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What is the best way to delete the grid heater and do the wiring to not get any codes? I live in northern CA so I don't need them and I have a big stereo system so I want to eliminate the extra draw on the alternator and battery's. thanks

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14 hours ago, Shaun Carr--Gildea said:

What is the best way to delete the grid heater and do the wiring to not get any codes? I live in northern CA so I don't need them and I have a big stereo system so I want to eliminate the extra draw on the alternator and battery's. thanks

 

Just curious, but what makes you think you dont need them?  Or are you after airflow gain?

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Posted (edited)
11 minutes ago, KATOOM said:

but what makes you think you dont need them?

 

Waterford CA. I really doubt he'll see freezing temperatures around San Francisco / Modesto area. 

 

11 minutes ago, KATOOM said:

Or are you after airflow gain?

 

Now I know the answer here. There isn't much to gain here for air flow difference for a stock or mild modified truck. The only reason I could give is the AC noise issue for a disconnect. 

 

Edited by Mopar1973Man

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Just pull the two battery leads. Leave the solenoids alone. It will trip error codes for sure. Being your in California you in an emission state so I know and error codes is a bad thing and will fail your smog testing. Just leave the solenoids alone and no codes will be thrown.

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2 hours ago, Shaun Carr--Gildea said:

I live in CA and it doesn't get cold enough here to need them and I was looking to lower the AMP draw on the alternator and battery's

 

The amp draw is only while they are being used, and won't exceed 2 minutes after startup. 

 

But you are correct that you likely won't need them. I reprogrammed mine and they don't even come on until it's below freezing now vs the 66° OEM temperature.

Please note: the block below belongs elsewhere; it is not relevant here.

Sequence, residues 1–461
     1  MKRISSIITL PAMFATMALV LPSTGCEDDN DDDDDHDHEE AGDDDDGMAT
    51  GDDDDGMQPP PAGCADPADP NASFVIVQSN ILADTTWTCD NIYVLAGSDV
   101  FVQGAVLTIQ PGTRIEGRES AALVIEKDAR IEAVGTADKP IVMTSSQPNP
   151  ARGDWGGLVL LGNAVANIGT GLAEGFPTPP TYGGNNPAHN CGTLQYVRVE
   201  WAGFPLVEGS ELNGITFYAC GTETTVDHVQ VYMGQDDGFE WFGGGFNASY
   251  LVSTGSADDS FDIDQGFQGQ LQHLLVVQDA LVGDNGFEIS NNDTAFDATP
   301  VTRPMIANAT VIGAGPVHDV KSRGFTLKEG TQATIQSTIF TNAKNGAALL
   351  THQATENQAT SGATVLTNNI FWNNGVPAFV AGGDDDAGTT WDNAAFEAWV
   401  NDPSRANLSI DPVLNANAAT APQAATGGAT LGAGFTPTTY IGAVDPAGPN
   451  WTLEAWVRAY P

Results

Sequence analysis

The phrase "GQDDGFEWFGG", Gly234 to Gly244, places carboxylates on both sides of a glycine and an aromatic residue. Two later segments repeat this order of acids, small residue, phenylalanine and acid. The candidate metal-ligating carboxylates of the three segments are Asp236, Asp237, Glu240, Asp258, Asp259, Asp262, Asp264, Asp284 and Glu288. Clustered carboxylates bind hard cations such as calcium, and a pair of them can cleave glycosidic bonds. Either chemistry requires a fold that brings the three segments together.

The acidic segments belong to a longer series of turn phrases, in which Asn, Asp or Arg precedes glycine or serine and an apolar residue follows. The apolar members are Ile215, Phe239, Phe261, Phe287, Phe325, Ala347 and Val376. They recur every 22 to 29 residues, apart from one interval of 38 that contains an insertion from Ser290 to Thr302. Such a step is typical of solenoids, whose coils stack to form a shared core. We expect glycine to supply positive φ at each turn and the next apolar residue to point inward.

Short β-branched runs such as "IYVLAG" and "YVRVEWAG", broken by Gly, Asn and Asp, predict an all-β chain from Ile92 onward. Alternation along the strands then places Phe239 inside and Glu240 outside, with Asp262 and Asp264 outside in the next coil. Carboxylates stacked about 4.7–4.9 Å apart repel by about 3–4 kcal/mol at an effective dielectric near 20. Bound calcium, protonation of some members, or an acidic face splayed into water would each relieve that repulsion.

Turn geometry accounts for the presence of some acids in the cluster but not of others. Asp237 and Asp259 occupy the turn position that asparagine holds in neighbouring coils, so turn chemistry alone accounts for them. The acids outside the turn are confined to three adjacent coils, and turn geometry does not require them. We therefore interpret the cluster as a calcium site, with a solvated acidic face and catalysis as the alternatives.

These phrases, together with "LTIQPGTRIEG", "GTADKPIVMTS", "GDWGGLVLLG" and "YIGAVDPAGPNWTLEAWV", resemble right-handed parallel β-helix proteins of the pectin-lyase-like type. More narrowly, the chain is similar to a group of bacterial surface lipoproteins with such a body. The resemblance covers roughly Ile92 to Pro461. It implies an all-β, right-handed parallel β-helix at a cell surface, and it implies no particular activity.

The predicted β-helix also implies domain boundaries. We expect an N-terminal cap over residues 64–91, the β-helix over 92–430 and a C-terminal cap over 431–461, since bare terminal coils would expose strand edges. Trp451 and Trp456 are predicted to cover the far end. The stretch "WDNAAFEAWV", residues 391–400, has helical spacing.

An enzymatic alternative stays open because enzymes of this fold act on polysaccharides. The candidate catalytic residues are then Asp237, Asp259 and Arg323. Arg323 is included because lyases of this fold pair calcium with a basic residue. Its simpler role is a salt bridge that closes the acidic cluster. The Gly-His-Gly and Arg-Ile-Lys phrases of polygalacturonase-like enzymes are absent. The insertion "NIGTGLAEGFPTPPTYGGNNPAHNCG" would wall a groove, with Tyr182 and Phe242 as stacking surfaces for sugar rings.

I am about to go pull mine out for the summer and put my spacer in. 

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Hmmm.....  I also live in CA, but I feel the service the grid heater system provides is worth keeping it intact.  That it unless you live where the ambient temperatures never dip below 60*.

 

Just because your truck starts in cold temperatures without the grid heater doesnt mean a functioning grid heater isnt helping reduce fuel wash and injector buildup while the intake temperatures are down.  Just thinking out loud. :thumbup2:

 

 

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The ISB is rated to start down to 10°F without any starting aids, which includes the grid heater. 

 

It starts to make a small difference around 20-25°F, above that it's 100% emissions based and doesn't do much of anything. 

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I disconnected the grid heaters just before this trip and the coldest start was in Wiggins, CO at 32°F.  The engine started up, some white smoke and loopy idle for 20 seconds then every thing was fine. 

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I like to start my truck and walk in the house to put my shoes on when its cooler outside.  (Yes, "cooler" is perspective to where you live)

Nonetheless, this mere couple minutes of idle time gives the oil the opportunity to move fully about the engine, and makes my truck clearly happier when driving away.  Without the grid heater working I would know that there is nothing to help optimize combustion, and would give me reason for concern.  But hey...to each is own, right?

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Is a grid heat needed if the crankcase heater is used, I live in so calif. High desert,  My truck had the heater delete just a spacer, I sold it and put the heater back in. and I run the crankcase heater on a timer and is only activated if it gets below 32 degrees. Seem under those condition the grid heater is minimal.

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Mine are disconnected and when it got cold here in Maryland I would plug mine in for 30 to 45 minutes with great results. I dont think the engine missed the grids at all.

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19 hours ago, Mopar1973Man said:

Typically most of us just pull the battery leads and tuck them away. 

I've always enjoyed being non-typical. Mine are on a switch.

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8 hours ago, dripley said:

Mine are disconnected and when it got cold here in Maryland I would plug mine in for 30 to 45 minutes with great results. I dont think the engine missed the grids at all.